• completed application, including 1 letter of recommendation, with a strong preference for an instructor in a field experience (Step 1, Step 2, Classroom Interactions, Project Based instruction, Apprentice Teaching)

Additional Requirements for Undergraduates:

  • STEM major
  • minimum of 60 credit hours at the time of application (in-residence and transfer)

Additional Requirement for Degree-Holders:

  • degree awarded by an accredited institution in a STEM field

Prospective Degree-Holders:

  • United States citizen or permanent resident alien
  • undergraduate or advanced degree in a STEM field from an accredited institution
  • cumulative GPA of 3.0 or higher
  • accepted to the UTeach Natural Sciences program
    • Interested in applying to UTeach? Learn more about the application process for degree holders.

Renewal

Undergraduates:
Undergraduates may receive the Noyce scholarship for a total of 4 semesters.

Degree-Holders:
Degree-holders may receive Noyce funding for a total of 2 semesters.

Eligibility for renewal includes:

  • continuing in the UTeach Natural Sciences program
  • continuing in a STEM major (undergraduates only)
  • maintenance of a 3.0 cumulative GPA
  • maintenance of a 3.5 cumulative GPA in all UTeach courses
    • UTS101
    • UTS110
    • EDC365C
    • EDC365D
    • EDC365E
    • Research Methods
    • HIS329U
    • EDC651S
    • UTS170

 

How to Apply

Current UTeach Students
The Spring 2018 Noyce Scholarship application is submitted through the Qualtrics system. The deadline is February 12, 2018.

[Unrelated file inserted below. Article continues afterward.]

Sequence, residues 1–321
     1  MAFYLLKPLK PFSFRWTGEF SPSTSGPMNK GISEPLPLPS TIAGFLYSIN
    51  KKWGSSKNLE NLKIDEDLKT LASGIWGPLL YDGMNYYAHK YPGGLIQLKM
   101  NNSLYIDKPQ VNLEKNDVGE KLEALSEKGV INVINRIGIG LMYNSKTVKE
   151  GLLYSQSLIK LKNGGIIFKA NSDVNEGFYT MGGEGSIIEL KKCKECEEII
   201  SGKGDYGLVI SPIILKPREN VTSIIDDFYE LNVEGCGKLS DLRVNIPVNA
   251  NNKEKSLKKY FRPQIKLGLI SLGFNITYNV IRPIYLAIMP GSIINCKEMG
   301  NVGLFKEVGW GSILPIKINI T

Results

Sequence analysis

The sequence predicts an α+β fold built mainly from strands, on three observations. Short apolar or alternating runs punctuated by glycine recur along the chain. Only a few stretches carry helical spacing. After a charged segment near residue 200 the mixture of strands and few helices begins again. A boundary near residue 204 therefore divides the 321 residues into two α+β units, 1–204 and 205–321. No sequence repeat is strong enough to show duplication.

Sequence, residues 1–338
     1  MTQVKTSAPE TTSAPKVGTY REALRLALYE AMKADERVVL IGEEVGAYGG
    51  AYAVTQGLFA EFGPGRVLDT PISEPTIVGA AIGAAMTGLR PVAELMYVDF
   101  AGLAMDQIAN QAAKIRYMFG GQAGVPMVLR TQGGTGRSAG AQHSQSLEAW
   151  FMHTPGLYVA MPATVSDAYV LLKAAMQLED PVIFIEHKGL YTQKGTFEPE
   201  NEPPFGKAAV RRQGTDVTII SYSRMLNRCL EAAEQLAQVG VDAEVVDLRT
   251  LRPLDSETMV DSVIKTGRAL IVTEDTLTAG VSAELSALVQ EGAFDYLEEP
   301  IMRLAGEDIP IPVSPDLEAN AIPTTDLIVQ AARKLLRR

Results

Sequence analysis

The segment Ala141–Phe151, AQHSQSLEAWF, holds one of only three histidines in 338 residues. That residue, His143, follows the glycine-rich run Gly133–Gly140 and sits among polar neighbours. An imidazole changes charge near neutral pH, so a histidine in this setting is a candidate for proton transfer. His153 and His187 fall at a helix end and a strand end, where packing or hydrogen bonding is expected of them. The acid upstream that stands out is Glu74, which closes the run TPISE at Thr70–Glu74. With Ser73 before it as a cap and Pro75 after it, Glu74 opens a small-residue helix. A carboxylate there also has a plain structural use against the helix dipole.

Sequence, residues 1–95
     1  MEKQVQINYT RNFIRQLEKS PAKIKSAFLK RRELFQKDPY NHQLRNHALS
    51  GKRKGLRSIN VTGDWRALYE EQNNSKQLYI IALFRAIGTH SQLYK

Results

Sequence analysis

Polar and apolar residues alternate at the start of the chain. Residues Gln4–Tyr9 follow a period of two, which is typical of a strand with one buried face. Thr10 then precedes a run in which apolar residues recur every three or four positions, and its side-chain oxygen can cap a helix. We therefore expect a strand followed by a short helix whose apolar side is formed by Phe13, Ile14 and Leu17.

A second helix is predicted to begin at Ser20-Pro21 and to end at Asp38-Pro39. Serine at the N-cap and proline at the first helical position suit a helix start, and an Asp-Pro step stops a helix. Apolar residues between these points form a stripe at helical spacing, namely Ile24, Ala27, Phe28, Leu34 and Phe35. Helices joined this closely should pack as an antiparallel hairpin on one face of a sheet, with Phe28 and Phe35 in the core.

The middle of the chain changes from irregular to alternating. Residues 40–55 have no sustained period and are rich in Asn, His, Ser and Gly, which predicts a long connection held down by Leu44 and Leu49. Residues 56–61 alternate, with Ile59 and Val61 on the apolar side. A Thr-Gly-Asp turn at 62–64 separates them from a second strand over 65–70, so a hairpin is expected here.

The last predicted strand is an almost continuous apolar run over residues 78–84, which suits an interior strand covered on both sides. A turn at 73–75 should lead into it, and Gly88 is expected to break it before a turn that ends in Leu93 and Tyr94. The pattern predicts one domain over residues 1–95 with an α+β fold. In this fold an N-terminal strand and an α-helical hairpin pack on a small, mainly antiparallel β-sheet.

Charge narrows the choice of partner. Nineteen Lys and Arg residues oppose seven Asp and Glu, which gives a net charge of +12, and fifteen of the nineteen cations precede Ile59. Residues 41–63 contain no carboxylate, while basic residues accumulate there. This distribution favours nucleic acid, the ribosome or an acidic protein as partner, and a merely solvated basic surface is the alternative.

In addition to the standard information, such as UT EID, email address, etc., applicants should prepare the following information in advance:

  • current cumulative UT GPA
  • brief description of financial need
  • list of anticipated financial contributions from financial aid, awards, fellowships, etc.
  • the name of 1 faculty member you will ask for a reference. The reference must come from a UTeach course, with a strong preference for a field course (UTS101, UTS110, EDC365D, EDC365E)
  • 2 essays, between 500-750 words on the prompts below. Essays must be uploaded as PDFs.

Essay Prompts:
1. What knowledge do you think is important for teaching and how will the UTeach program help you attain this knowledge?

2. The Maker movement brings people together to design and create physical artifacts. It promotes creativity and learning through technology and old-fashioned tinkering. UTeach is exploring the introduction of Making into secondary education and teacher preparation. Describe the strengths and limitations of Making as a part of STEM learning.

The following article is a helpful discussion of the Maker movement and includes links to further reading: “The Maker Movement in K-12 Education: A Guide to Emerging Research,” Benjamin Herold.

Prospective Degree-Holders: